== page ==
• Working Hypothesis said:

            The thing about the chart is… the Chart is God in medical offices. If something makes it into the Chart, with the doctor’s signature on it, it is an OFFICIAL MEDICAL ORDER, and heaven help the staff member who crosses it. I leaned heavily on this during childbirth, when I got my entire birth plan signed off by every single doctor in that practice and filed in the chart. EVERY time one of the hospital staff tried to do something, or make *me* do something, which I hadn’t had in the plan, I just told them, “Look at my chart, please,” and the problem went pretty much magically away. There were some surprises in childbirth because there always are, and there were a couple of times when the elements on the birth plan which read, “I understand that childbirth doesn’t always go as expected, and some things in this plan may need to be changed due to medical necessity,” but *I* was still the one in control of changing them.

            Yes, you do have to tell them to go look at the chart, and yes, that’s a nuisance. But it has worked better, in my experience, than any system which doesn’t have the force of “doctor’s orders” behind one’s request.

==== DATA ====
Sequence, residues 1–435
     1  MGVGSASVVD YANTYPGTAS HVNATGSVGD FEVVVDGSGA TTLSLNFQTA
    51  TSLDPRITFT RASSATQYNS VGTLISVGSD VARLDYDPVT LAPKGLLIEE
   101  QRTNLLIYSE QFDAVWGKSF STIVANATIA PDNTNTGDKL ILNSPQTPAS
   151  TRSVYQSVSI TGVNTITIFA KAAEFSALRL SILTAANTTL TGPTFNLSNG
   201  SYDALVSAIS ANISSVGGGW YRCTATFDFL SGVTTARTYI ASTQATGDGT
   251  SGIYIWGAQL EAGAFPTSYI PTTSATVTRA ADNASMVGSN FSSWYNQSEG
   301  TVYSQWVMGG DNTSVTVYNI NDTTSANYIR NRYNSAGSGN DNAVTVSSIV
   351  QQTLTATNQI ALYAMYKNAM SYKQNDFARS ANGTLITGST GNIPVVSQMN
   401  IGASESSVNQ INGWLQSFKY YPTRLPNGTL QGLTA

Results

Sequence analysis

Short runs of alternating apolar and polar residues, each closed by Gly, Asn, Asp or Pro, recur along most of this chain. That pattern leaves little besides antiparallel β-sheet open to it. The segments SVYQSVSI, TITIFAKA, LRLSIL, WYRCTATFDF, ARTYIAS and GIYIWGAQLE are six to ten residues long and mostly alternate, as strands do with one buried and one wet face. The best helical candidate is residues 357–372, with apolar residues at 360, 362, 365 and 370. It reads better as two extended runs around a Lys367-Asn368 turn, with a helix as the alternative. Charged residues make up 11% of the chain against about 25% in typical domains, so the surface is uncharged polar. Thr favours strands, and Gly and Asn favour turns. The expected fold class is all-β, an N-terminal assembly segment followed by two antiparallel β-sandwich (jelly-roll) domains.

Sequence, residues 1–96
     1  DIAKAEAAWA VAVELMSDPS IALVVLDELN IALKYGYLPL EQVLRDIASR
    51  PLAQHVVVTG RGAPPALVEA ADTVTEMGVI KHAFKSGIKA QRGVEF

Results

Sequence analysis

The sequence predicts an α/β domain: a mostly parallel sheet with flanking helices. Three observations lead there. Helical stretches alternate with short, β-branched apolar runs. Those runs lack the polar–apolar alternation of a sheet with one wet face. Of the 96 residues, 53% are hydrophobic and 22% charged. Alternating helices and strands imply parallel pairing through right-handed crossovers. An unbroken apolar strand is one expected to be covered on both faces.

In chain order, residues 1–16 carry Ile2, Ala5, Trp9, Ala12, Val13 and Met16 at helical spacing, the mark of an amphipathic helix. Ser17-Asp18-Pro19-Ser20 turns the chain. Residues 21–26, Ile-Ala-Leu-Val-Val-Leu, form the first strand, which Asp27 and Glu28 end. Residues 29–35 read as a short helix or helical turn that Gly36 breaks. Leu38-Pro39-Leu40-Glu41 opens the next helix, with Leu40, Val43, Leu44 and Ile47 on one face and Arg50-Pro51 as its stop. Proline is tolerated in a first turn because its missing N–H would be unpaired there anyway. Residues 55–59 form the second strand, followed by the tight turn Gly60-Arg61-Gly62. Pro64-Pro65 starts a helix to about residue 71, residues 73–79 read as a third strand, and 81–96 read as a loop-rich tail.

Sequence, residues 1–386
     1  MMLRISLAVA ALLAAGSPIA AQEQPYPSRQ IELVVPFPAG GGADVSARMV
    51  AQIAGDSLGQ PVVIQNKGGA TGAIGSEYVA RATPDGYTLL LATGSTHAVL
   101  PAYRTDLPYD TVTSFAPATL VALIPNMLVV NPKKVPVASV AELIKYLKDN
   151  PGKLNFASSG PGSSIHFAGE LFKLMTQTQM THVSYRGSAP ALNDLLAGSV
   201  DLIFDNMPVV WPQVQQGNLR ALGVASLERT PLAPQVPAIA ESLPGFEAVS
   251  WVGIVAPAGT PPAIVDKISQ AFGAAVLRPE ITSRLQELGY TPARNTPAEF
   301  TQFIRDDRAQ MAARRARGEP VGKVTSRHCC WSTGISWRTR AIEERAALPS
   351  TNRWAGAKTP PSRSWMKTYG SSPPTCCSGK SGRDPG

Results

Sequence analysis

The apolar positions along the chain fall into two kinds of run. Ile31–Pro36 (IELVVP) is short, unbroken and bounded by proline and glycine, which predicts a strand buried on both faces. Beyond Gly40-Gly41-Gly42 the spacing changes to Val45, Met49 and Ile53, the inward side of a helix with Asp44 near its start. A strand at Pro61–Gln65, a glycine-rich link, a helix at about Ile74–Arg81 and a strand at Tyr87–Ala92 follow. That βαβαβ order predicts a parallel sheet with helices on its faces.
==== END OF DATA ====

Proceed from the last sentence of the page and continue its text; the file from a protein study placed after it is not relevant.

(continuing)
• TootsNYC said:

            Or a few business cards.

            And be blunt (at least in follow-up–and in the original letter, I’d be a little more blunt and “bossy” as well–write it as an order). I would use wording like: “Do not ever bring up reconstructive surgery. I find those comments stressful and insulting. I do not wish to discuss the reasons why; rest assured that I have made a carefully informed decision.”

            And hand them out to people.

        • Duly Concerned said:

          Don Whiteside wrote: “Offices that don’t respect my time and who keep me waiting without apology are also the ones that do rushed consultations.”

          My current doctor is an exception (which may prove the rule–see below). He tends to run late, sometimes more than an hour late.

          But!! He runs late because he really talks to every patient. His standard appointment is 30 minutes and that does not include any of the time his assistants take vitals, etc. That’s 30 minutes of face to face time with the doctor. And if I need more time, he does not look at his watch, fidget or shut me down. He encourages me to talk until we’ve worked out whatever the question is.

          For example, the day came when he noted I’d never received the sort of standard gynecological treatment most women get. He didn’t scold or shame me, just commented that we both know all the reasons why regular GYN appointments are a good thing and asked me if I wanted to share the reason I wasn’t doing it. This was after I’d been seeing him for 4 years and had developed a level of trust I’d never had in a doctor before. It took an hour and a half for me to explain/confess the underlying reason, have 3 full blown panic attacks and use up 2 boxes of tissues.